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J Med Internet Res. 2017 Sep 13;19(9):e309. doi: 10.2196/jmir.7662.

User Acceptance of Computerized Cognitive Behavioral Therapy for Depression: Systematic Review.

Author information

1
Institute of Social Medicine, Occupational Health and Public Health, Medical Faculty, University of Leipzig, Leipzig, Germany.
2
Department of Psychosomatic Medicine, University Medical Centre, University of Leipzig, Leipzig, Germany.
3
Mental Health and Psychotherapy, Stiftung Rehabilitation Heidelberg University of Applied Health Services, Gera, Germany.
4
Integrated Research and Treatment Center (IFB) AdiposityDiseases, University Hospital, Leipzig, Germany.

Abstract

BACKGROUND:

Computerized cognitive behavioral therapy (cCBT) has been proven to be effective in depression care. Moreover, cCBT packages are becoming increasingly popular. A central aspect concerning the take-up and success of any treatment is its user acceptance.

OBJECTIVE:

The aim of this study was to update and expand on earlier work on user acceptance of cCBT for depression.

METHODS:

This paper systematically reviewed quantitative and qualitative studies regarding the user acceptance of cCBT for depression. The initial search was conducted in January 2016 and involved the following databases: Web of Science, PubMed, the Cochrane Library, and PsycINFO. Studies were retained if they described the explicit examination of the user acceptance, experiences, or satisfaction related to a cCBT intervention, if they reported depression as a primary outcome, and if they were published in German or English from July 2007 onward.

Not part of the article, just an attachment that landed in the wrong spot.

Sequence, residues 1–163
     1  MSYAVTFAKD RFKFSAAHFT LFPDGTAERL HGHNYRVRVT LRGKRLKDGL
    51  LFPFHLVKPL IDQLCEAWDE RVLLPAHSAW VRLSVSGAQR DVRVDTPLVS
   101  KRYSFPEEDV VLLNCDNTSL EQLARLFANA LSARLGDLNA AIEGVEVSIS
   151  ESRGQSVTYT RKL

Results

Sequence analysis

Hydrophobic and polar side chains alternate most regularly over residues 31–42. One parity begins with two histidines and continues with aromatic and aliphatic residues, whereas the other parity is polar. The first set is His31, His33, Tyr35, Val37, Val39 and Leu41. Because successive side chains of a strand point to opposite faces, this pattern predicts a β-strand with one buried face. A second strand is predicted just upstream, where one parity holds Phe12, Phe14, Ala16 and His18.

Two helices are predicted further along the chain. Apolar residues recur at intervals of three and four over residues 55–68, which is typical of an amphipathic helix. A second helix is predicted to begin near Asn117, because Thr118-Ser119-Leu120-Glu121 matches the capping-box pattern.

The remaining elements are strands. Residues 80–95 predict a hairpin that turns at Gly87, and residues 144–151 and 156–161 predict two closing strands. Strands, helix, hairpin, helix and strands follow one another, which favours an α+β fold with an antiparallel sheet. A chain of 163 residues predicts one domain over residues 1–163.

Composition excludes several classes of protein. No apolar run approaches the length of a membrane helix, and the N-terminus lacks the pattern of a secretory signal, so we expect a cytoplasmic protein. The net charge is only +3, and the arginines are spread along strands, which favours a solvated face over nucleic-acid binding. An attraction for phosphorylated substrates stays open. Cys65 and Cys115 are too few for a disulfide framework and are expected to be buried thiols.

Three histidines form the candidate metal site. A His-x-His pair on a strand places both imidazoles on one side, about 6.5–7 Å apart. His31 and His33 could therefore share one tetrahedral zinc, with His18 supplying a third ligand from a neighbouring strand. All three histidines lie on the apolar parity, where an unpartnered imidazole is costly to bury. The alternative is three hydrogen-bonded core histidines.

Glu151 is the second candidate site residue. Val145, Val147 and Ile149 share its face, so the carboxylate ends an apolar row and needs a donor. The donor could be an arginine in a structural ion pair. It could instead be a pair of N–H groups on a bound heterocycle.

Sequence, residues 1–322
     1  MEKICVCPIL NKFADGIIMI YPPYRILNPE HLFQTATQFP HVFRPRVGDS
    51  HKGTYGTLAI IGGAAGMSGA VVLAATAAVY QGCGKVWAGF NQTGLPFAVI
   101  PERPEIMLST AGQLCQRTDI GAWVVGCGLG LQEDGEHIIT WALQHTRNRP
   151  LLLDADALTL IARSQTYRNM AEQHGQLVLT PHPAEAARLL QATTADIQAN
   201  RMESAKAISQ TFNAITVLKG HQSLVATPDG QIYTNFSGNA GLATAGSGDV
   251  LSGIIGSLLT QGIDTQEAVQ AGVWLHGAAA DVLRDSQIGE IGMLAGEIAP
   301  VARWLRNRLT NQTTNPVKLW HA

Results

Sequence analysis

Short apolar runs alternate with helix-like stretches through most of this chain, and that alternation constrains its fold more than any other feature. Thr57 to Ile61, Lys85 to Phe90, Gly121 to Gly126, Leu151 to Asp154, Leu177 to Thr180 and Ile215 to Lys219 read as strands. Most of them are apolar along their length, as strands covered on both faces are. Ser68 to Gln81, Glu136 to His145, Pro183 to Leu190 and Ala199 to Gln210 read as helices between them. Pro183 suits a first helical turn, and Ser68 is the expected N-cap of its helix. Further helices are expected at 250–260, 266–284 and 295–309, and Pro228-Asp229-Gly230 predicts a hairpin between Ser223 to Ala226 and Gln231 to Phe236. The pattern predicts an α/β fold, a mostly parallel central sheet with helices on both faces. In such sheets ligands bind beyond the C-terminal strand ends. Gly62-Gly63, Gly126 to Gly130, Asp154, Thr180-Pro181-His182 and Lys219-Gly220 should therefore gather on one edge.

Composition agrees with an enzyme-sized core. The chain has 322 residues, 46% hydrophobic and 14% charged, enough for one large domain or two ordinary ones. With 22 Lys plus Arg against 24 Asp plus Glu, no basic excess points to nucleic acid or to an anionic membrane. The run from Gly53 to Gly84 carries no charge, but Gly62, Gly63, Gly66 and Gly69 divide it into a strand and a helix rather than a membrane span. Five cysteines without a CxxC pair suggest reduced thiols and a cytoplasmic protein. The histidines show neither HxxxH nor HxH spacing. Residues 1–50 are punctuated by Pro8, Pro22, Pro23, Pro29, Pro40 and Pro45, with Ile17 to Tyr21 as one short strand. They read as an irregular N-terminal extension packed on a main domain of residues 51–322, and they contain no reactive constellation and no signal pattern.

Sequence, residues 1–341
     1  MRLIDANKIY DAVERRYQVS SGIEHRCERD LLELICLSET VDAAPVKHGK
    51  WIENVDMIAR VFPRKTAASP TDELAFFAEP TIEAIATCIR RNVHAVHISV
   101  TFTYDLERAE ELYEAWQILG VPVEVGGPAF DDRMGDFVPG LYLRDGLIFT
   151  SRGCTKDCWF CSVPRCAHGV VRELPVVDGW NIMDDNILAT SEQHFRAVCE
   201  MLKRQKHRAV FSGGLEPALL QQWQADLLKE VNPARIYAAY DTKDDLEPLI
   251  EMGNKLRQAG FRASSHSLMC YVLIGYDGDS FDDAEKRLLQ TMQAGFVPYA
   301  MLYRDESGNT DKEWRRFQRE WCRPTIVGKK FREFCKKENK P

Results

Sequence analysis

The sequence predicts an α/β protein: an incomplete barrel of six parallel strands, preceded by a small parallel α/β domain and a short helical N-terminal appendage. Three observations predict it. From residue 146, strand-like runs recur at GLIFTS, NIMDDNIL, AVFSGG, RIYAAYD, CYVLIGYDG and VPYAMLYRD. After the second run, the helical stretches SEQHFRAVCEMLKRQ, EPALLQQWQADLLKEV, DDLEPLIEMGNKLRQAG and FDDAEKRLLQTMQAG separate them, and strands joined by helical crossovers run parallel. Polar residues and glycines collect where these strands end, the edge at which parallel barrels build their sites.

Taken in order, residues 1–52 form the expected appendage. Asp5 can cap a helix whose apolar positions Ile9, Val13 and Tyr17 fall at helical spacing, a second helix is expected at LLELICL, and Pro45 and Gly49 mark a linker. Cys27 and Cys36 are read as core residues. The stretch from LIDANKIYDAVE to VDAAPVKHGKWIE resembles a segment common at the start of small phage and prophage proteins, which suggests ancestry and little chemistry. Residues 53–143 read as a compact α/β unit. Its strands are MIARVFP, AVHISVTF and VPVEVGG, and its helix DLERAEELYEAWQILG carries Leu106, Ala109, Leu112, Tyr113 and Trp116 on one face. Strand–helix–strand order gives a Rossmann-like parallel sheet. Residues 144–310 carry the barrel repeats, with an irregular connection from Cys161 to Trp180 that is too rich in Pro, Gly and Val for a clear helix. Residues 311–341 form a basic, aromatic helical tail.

RESULTS:

A total of 1736 studies were identified, of which 29 studies were eligible for review. User acceptance was operationalized and analyzed very heterogeneously. Eight studies reported a very high level of acceptance, 17 indicated a high level of acceptance, and one study showed a moderate level of acceptance. Two qualitative studies considered the positive and negative aspects concerning the user acceptance of cCBT. However, a substantial proportion of reviewed studies revealed several methodical shortcomings.

CONCLUSIONS:

In general, people experience cCBT for depression as predominantly positive, which supports the potential role of these innovative treatments. However, methodological challenges do exist in terms of defining user acceptance, clear operationalization of concepts, and measurement.

KEYWORDS:

behavior therapy; computerized cognitive behavior therapy; depression; depressive disorder; review; systematic review; user acceptance

PMID:
28903893
PMCID:
PMC5617907
DOI:
10.2196/jmir.7662
[Indexed for MEDLINE]
Free PMC Article

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